AbstractThis thesis examines the viability of impact sourcing in commercial outsourcing arrangements. Impact sourcing is an outsourcing practice that has the potential to create social value by providing outsourcing jobs to marginalised individuals who have limited opportunities to work. This thesis focuses, in particular, on exploring management and impact assessment aspects of impact sourcing at institutional, organisational, and individual levels of analysis. In doing so, the thesis borrows concepts from management and development studies, making it a multidisciplinary study.The research draws on concepts of competing institutional logics to investigate how the social and commercial orientation of impact sourcing can be managed by outsourcing organisations. Furthermore, it uses the concepts of institutional logics and corporate social strategy to understand how the challenges of local institutional contexts influence the implementation of impact sourcing and how outsourcing organisations could manage these challenges to ensure that the social and economic value creation objectives of impact sourcing can remain intact. The thesis also focuses on impact assessment of impact sourcing to evaluate the social welfare impact on outsourcing employees by applying the Capability Approach concept from development studies and corporate social performance (CSP) concepts from the management literature.The research adopts an interpretive single case study of a US-based publicly listed outsourcing organisation providing healthcare IT and BPO services to the US healthcare industry from its two offshore-outsourcing centres in Pakistan. The case study organisation practises impact sourcing through one of its offshore-outsourcing centre in the small, earthquake affected district of Azad Jammu and Kashmir, Pakistan. The findings are reported in three empirical articles. The key theoretical contribution of this research to the study of impact sourcing is threefold. First, the global outsourcing organisations practising impact sourcing are complex in nature because of various actors located at different locations having different social and economic interests. Thus, the outsourcing organisation needs to adopt a 'collective response strategy' to satisfy the competing demands of the social and commercial orientations of impact sourcing. Second, commercial outsourcing organisations require additional investment of resources and culturally sensitive management practices to implement impact sourcing in marginalised communities. These are required not only to create social value through impact sourcing, but also to remain commercially viable, as both social and economic value creation components are interlinked. Third, the most novel contribution of the research is to propose a model to assess the impact of impact sourcing by incorporating both organisational and employee perspectives to evaluate the social welfare outcomes for the employees.This thesis offers significant contributions to the study of institutional logics. It illustrates that competing logics may not be uniform across all sub-units of global organisations; there may be enclaves where different logics influence at different intensities. The thesis identifies that institutional orders in society are intertwined; the institutional logic derived from an institutional order may be influenced by other institutional orders existing in the society. The research also contributes to the study of CSP by focusing on people and society in its outcome measurement.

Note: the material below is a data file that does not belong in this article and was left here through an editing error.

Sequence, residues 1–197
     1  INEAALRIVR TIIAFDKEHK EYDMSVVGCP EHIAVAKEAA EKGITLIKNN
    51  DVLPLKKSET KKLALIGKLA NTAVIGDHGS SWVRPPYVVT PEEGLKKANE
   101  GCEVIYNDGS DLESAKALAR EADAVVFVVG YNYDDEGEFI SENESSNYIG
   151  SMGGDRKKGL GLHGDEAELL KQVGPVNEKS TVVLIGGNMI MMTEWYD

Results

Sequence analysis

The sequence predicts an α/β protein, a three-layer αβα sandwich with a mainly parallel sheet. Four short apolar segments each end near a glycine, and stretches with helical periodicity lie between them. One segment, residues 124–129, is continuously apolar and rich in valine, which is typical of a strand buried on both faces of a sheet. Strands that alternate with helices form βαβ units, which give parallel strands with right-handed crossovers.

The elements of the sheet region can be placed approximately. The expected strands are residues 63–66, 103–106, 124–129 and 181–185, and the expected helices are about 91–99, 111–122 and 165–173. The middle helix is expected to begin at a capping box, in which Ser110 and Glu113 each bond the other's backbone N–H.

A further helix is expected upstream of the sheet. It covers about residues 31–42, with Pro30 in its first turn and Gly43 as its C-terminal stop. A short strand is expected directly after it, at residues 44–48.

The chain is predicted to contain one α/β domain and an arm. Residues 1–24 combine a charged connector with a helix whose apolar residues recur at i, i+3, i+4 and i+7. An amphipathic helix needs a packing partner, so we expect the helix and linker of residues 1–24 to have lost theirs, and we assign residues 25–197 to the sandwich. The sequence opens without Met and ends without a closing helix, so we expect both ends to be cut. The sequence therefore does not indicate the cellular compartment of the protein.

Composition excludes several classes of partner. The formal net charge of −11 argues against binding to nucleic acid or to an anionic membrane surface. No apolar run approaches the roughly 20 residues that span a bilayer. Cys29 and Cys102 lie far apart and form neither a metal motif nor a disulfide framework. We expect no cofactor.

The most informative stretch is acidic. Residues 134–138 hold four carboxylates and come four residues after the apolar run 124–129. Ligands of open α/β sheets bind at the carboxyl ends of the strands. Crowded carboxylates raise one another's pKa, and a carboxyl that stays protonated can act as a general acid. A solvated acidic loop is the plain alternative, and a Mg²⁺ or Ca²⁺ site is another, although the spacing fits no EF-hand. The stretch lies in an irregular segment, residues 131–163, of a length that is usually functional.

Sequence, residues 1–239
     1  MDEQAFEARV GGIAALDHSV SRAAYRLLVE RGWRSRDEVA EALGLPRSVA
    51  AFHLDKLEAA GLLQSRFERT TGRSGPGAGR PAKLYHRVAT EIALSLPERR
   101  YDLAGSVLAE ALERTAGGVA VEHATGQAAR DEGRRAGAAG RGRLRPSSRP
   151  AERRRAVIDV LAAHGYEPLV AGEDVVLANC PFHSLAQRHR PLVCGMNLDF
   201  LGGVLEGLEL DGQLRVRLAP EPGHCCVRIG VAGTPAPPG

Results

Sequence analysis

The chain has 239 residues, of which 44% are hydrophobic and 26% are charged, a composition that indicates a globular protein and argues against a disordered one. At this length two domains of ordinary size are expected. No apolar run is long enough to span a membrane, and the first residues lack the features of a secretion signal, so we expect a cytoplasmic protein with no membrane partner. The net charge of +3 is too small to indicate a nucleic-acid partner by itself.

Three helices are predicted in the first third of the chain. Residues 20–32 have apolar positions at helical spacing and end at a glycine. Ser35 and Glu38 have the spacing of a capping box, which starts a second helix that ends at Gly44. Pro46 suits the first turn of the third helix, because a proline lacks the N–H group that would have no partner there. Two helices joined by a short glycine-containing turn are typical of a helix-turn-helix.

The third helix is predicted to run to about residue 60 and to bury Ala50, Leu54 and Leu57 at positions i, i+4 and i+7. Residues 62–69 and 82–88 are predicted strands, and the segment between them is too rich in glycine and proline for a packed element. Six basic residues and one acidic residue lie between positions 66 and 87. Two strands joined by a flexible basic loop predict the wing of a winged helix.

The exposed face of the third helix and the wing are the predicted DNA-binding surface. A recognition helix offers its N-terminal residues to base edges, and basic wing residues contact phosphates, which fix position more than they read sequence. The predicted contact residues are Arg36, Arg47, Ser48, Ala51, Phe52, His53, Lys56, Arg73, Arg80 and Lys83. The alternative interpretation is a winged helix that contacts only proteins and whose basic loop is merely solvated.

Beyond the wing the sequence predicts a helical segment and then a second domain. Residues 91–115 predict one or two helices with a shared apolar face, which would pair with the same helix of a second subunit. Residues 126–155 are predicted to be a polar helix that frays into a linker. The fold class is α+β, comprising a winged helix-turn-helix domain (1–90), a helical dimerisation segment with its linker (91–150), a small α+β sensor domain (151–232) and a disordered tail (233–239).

|Date of Award||1 Aug 2016|
|Supervisor||Brian Nicholson (Supervisor) & Sharon Morgan (Supervisor)|
- Institutional Logics
- Corporate Social Performance
- Impact Sourcing
- Global IT and Business Process Outsourcing